SAN FRANCISCO--(BUSINESS WIRE)--Fitch Ratings assigns an 'AAA' rating to the following Granite School District (the district), Utah general obligation (GO) school building bonds:
--$80 million series 2010.
The 'AAA' rating is based on a guaranty provided by the Utah School Bond Default Avoidance Program, whose financial insurer strength is rated 'AAA' by Fitch.
In addition, Fitch assigns an underlying rating of 'AAA' to the bonds, reflecting the district's credit quality without consideration of the guaranty provided by the Utah School Bond Default Avoidance Program.
The Rating Outlook is Stable.
The bonds are expected to sell via negotiation on May 4, 2010.
--The district benefits from a strong, stable administration, consistently conservative financial management, a preference for pay-as-you-go capital financing, good management/labor relations, stable student enrolment levels, and good community support.
--Even within a tightening general fund revenue environment, the district has maintained strong fund balances, operating surpluses, liquidity, and reserves by working closely with its labor units to reach mutually agreed, ongoing expenditure reductions.
--The district's debt burden is very low and its pension obligations and post-employment health benefit obligations are fully funded.
--The district is centrally located within the Salt Lake metropolitan statistical area (MSA) which remains Utah's economic hub, despite current economic contraction, and is well placed to benefit from future Utah expansion and diversification.
KEY RATING DRIVERS:
--Maintenance of strong financial results, supported by continued adherence to sound financial management policies and procedures.
--Continued management, labor, and elected official collaboration on protecting the district's financial position and educational quality simultaneously.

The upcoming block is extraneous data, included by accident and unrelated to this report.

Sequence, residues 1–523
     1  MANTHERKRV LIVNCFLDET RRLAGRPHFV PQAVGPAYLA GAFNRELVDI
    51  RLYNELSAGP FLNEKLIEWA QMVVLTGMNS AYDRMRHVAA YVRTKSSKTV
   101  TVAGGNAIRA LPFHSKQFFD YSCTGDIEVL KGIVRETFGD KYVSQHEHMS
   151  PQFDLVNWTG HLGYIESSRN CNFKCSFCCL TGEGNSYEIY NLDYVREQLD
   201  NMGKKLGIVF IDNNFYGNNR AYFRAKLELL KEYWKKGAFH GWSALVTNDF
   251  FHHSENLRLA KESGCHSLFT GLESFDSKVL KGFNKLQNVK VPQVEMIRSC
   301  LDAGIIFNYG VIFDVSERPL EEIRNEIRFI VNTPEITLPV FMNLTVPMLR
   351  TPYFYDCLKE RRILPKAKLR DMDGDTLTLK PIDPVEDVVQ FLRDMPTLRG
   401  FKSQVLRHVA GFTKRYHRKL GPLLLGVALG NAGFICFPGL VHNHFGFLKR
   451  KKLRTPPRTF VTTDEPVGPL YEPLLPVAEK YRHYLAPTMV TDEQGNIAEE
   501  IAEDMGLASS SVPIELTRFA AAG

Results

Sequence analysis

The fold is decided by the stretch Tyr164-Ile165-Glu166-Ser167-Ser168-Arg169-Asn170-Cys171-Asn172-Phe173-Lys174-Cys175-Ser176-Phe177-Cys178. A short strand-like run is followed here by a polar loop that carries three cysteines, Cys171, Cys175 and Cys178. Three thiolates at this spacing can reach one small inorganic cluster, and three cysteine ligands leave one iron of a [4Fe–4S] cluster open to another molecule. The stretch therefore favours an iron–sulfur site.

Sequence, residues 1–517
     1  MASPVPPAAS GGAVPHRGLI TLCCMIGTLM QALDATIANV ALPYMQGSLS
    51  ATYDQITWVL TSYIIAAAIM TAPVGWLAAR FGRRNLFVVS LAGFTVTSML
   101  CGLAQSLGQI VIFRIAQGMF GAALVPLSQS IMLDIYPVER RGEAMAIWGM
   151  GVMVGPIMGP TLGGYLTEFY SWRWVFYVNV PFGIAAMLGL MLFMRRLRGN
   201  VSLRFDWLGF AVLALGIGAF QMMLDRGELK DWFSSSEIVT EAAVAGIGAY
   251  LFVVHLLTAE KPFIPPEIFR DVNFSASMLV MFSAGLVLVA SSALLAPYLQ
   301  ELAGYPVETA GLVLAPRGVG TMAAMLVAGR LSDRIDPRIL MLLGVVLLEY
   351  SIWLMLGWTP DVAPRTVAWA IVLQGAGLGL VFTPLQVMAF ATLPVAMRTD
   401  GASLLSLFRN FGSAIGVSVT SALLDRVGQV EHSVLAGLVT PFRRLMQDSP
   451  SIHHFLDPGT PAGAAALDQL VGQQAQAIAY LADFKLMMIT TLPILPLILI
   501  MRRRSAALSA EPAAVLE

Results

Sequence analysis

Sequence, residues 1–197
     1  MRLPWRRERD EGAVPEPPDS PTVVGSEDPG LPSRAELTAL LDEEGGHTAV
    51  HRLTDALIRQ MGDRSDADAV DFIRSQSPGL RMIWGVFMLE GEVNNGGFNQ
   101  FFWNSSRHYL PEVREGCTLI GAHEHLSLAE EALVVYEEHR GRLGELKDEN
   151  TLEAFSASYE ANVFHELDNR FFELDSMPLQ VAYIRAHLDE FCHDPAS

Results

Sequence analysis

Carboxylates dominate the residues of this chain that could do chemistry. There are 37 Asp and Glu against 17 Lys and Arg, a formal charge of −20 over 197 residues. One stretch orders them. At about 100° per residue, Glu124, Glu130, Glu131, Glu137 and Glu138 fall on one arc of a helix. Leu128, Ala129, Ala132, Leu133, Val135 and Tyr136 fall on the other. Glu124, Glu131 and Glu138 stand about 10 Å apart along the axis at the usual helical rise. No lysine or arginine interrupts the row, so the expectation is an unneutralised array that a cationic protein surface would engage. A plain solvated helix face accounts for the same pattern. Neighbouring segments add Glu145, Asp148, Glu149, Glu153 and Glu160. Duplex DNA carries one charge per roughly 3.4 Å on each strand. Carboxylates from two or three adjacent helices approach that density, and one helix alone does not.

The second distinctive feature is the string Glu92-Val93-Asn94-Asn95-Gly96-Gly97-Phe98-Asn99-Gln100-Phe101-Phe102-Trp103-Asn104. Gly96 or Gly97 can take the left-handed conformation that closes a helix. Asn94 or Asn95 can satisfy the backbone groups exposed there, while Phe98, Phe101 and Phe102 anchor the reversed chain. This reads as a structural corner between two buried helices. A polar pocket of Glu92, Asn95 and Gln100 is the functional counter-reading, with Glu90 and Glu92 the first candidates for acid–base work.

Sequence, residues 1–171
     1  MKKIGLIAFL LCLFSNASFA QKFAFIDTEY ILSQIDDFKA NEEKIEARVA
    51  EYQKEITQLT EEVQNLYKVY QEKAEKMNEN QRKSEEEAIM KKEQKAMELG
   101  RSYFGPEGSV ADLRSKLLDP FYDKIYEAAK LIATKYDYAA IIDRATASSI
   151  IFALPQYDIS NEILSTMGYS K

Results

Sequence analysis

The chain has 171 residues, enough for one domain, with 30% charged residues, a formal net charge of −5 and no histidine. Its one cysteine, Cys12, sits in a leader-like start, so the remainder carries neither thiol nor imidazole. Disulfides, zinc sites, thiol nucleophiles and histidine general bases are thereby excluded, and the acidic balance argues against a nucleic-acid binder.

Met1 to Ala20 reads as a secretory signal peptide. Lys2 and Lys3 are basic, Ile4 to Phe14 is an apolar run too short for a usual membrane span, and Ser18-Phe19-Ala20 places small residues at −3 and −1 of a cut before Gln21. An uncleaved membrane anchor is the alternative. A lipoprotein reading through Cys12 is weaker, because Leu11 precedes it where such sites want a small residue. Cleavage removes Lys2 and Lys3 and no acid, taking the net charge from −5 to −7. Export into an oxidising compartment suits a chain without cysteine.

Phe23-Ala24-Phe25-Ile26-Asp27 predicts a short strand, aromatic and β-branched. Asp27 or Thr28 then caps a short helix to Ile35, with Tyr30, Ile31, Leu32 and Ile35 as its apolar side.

The bonds are secured by unlimited ad valorem property taxes. Debt repayment is guaranteed by the full faith and credit and unlimited ad valorem taxing power of the State of Utah under the provisions of the Utah School Bond Default Avoidance Program.
The district covers 257 square miles in the northern half of Salt Lake County. It is Utah's largest school district based on student population (almost 69,000 in 2009) and operates 86 elementary, junior high, and high schools, as well as special programs. The series 2010 bonds are the first issuance under a $256 million authorization approved by approximately 58% of voters in November 2009 for new school construction and renovation of existing properties. The district's Board of Education has committed to not raise taxes to pay for the bonds. Two further issuances, which are likely in fiscals 2011 and 2012, are expected to deplete the full voter authorization.
The district has a well established, financially conservative management team which has cultivated strong working relationships with its elected Board of Education, its labor bargaining units, and the communities within the district boundaries.